Credit Report News, Tips & Advice
Website CertifiedPrivacy Protected

Freezing Reports Fights off Scammers

By Faye Mergel
Published: Wednesday, July 21st, 2010

200156531-001Many Americans have no idea that freezing their credit reports can actually prevent scammers to gain access their credit history. Credit report freeze or security freeze is a method where the credit card reporting agencies block or lock the data contained in credit reports of cardholders. It is done upon the customer’s request to disallow others from viewing the credit history. The customer is also not allowed to open a new credit account while the credit freeze is taking place. The credit freeze can be lifted or unblocked if the customer decides to remove the ice.

Freezing a credit report is started by contacting all of the three credit card bureaus – Equifax, Experian and Trans Union – and requesting each of them to freeze the reports. The credit card holder pays each of the bureau $5 – $20 each, or a total of $15 – $60, for the process. The case would be different with identity theft victims who are mostly charged for free. Each bureau issues the holder a pin number which will be used once the holder decides to release the credit report.

The process is known to be an effective way to prevent identity theft. The bureau will notify the cardholder once someone tries to apply an account using the cardholder’s name. This means that the financial data obtained by scammers won’t be of use if they can’t apply for a new account or apply for a loan.

Supporters of freezing credit reports say that this method effectively keeps off spammers from making credit transactions under the cardholder’s name. It is best used when the cardholder’s purse or wallet is missing or when the card holder is already a victim of an identity theft. For cautious cardholders, credit card freeze is an effective way to become at ease.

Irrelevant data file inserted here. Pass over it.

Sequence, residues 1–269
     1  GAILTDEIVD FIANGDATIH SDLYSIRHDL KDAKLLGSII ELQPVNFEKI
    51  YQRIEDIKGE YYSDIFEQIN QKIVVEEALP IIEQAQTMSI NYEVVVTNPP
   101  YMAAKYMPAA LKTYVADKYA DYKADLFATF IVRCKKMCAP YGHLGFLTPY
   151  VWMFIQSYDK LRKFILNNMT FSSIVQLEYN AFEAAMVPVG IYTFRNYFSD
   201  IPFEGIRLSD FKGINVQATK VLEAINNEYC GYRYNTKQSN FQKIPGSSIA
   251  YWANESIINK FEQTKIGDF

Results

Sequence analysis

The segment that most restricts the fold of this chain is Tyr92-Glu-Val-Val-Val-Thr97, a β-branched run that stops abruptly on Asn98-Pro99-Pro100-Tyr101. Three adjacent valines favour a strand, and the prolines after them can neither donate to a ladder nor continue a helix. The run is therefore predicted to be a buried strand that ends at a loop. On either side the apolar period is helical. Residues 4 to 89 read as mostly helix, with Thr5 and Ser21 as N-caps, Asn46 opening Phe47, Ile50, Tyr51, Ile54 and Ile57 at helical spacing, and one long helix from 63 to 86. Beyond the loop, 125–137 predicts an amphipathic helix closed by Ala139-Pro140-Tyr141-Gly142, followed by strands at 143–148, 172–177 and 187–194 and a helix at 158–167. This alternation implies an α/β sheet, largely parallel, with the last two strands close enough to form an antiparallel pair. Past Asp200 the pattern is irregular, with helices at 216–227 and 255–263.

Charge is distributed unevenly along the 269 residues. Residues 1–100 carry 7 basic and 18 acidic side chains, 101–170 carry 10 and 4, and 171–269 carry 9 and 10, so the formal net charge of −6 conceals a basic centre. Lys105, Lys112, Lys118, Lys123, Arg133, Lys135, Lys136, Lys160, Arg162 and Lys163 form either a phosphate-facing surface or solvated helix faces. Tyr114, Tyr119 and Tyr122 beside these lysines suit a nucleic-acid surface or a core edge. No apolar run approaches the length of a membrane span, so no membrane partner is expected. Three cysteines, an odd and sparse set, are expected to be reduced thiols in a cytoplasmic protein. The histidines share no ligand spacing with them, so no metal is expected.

Like any other anti-spam methods, freezing has its set of downturns. Since freezing blocks anyone from viewing credit reports, even employers and banks and other credit card companies can’t know the cardholder’s history. This may cause a delay or prohibit the cardholder from getting new loans, credit, employment and house financing. Furthermore, freezing doesn’t guarantee pure security since theft can also happen to existing accounts and not just by opening new accounts under a cardholder’s name. Others have difficulty in processing the freeze because they have to send three different letters and pay three fees when they request for credit report freeze. Every time the cardholder freezes or thaws their blocked reports, all three bureaus must be updated.

Credit freeze is a much recommended way of dodging spams or identity theft. But credit cardholders are still exposed to some risks and dangers that cannot be solved solely by freezing reports. Cardholders must constantly update themselves with new schemes of theft and be aware of the measures to avoid being victims of these crimes.

No Comments »

No comments yet.

RSS feed for comments on this post.

Leave a comment